I'm doing a few exercises regarding Schnorr's identification scheme. I have the exercise starting off like this, with the values defined:

Let $p = 311$ and $r = 31\ |\ (p - 1)$. Let $g = 169$, which has order $r$.

I just really can't figure out what the vertical bar means here?

Sometimes in discrete maths, a vertical bar means absolute value, sometimes two them are cardinalty? Programming would suggest that it means a logical or?

One place I saw something indicating that it might be xor, but I really have no idea.

  • 1
    $\begingroup$ Do you have more context? $|$ can also mean divides in that 31 divides 310, but it doesn't make sense to assign that to $r$ $\endgroup$ May 18, 2021 at 15:57
  • $\begingroup$ @AmanGrewal This is apparently a widely used problem, see books.google.com/… for one example. $\endgroup$ May 18, 2021 at 16:52

1 Answer 1


The meaning of that $\ \vert\ $ in this context is divides (as in evenly divides, or is a divisor of), and that's a standard usage of this sign. The quote should be read as:

let $p=311$ and $r=31$, which divides $(p-1)$. Let $g=169$

In other words: $r$ is a divisor of $p-1$. Or, exists integer $q$ with $r\times q=p-1$. Or, $((p-1)\bmod r)=0$, also writable as $p-1\bmod r=0$ or $p-1\equiv0\pmod r$ or $p\equiv1\pmod r$. In many common programing languages, (p-1)%r == 0. That's because $31$ (evenly) divides $311-1$, since $31\times10=310$.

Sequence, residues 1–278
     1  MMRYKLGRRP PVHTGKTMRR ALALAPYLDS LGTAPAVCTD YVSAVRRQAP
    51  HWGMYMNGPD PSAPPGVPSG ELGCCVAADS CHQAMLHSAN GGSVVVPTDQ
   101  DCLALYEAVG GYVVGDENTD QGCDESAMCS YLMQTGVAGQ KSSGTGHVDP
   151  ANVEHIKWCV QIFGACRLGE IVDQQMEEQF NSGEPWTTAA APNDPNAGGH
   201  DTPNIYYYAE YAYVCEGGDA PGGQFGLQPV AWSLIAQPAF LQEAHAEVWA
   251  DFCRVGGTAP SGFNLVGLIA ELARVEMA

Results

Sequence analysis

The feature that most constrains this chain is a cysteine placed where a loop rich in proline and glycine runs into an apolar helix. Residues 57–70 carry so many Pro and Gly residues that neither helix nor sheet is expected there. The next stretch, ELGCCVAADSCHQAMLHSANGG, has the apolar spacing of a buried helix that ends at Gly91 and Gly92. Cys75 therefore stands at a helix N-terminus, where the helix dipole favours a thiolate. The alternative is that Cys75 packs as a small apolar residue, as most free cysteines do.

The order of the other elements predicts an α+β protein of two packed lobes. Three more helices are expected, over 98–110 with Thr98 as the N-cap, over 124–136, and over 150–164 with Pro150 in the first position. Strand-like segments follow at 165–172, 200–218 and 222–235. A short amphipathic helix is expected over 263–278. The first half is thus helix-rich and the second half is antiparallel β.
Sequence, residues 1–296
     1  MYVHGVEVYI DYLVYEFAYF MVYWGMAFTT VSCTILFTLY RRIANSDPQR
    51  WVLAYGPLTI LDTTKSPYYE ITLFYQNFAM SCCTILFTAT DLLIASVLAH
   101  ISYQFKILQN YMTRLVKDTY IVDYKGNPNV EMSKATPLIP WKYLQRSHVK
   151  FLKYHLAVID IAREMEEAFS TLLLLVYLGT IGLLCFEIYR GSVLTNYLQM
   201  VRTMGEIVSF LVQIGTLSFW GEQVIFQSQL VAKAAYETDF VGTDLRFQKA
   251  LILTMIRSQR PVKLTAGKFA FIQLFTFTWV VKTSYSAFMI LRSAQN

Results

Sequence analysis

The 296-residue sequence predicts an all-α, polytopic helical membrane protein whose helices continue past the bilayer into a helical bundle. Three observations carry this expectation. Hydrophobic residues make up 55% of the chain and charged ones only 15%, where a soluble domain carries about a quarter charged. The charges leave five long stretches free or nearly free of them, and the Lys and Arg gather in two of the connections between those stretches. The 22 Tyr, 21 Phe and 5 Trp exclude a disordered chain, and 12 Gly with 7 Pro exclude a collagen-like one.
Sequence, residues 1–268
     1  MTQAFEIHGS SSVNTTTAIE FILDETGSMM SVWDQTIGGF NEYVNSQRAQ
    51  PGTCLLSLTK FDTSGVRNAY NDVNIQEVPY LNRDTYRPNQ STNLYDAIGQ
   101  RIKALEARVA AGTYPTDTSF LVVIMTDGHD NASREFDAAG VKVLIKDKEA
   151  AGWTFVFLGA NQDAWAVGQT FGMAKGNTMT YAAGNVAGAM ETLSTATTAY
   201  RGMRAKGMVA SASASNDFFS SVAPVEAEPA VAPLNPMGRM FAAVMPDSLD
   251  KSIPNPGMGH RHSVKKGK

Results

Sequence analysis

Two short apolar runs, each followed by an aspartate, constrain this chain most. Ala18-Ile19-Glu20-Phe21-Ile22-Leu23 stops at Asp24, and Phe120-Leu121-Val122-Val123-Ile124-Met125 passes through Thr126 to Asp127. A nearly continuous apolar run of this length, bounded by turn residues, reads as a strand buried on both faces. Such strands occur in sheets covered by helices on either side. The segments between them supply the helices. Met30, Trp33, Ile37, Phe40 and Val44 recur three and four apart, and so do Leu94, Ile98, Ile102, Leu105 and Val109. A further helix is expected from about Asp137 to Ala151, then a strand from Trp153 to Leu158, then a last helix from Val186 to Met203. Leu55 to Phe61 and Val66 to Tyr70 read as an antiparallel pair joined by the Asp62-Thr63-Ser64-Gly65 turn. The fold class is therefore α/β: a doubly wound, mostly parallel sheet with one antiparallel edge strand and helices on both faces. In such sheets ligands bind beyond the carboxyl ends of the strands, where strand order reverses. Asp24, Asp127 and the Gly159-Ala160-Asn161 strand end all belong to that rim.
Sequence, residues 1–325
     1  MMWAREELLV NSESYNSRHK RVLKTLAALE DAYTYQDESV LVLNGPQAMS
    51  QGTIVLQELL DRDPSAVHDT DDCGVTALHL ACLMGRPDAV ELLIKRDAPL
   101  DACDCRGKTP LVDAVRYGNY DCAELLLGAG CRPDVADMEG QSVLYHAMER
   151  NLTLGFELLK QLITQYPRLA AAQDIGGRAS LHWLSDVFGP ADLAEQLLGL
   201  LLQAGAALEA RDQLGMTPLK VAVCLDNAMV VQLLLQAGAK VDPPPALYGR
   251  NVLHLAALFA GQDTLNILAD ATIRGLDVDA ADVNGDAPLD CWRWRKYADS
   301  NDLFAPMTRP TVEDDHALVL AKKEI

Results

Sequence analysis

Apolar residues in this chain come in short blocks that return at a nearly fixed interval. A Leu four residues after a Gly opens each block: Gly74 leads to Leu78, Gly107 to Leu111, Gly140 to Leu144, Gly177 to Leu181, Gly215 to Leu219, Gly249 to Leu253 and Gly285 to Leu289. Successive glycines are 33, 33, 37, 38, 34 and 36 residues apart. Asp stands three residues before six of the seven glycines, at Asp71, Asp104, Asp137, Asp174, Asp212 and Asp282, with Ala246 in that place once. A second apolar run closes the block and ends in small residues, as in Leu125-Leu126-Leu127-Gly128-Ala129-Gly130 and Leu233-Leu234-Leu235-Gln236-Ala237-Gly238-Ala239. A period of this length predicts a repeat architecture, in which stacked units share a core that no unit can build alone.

That was correctly guessed by Aman Grewal in comment, but as noted, proximity with the assignment makes the notation confusing. Elision of the implied which is something I would try to avoid.

The end of the sentence says «Let $g=169$, which has order $r$». Does that mean that $g$ is really 169%31?

No. The term order is used in its meaning in group theory. In this context, it means that when we repeatedly multiply $1$ by $g$, reducing modulo $p$ after each multiplication, we'll first get back to $1$ after performing $r$ multiplications. That's related to $r\,\vert\,(p-1)$, because the order of any element in a finite group is a divisor of the order of the group, that is the number of elements in the group. Here the group is the multiplicative group modulo $p$, noted $\mathbb Z_p^*$ or $(\mathbb Z/p\mathbb Z)^\times$, which has $p-1$ elements since $p$ is prime. The powers of $g$ form a subgroup of order $r$, called a Schnorr group.

  • $\begingroup$ Thanks, One more thing that I don't understand. The end of the sentence says Let G=169, which has order r does that mean that G is really 169%31? $\endgroup$
    – Garsty100
    May 18, 2021 at 17:37
  • $\begingroup$ thanks a lot again. A quick addition though,. I have just received an answe that the actual value of r is actually 8? How does this make sense? $\endgroup$
    – Garsty100
    May 18, 2021 at 18:04
  • 1
    $\begingroup$ @Garsty100: Asking Wolfram order of 169 modulo 311 yields 31, thus the quote is correct. I recommend studying some group theory. That serves in many fields (including the non-mathematical sense of that). $\endgroup$
    – fgrieu
    May 18, 2021 at 18:42
  • 1
    $\begingroup$ “Let… $r$ be 31, which divides $(p-1)$…” $\endgroup$ May 19, 2021 at 18:48

Your Answer

By clicking “Post Your Answer”, you agree to our terms of service and acknowledge you have read our privacy policy.

Not the answer you're looking for? Browse other questions tagged or ask your own question.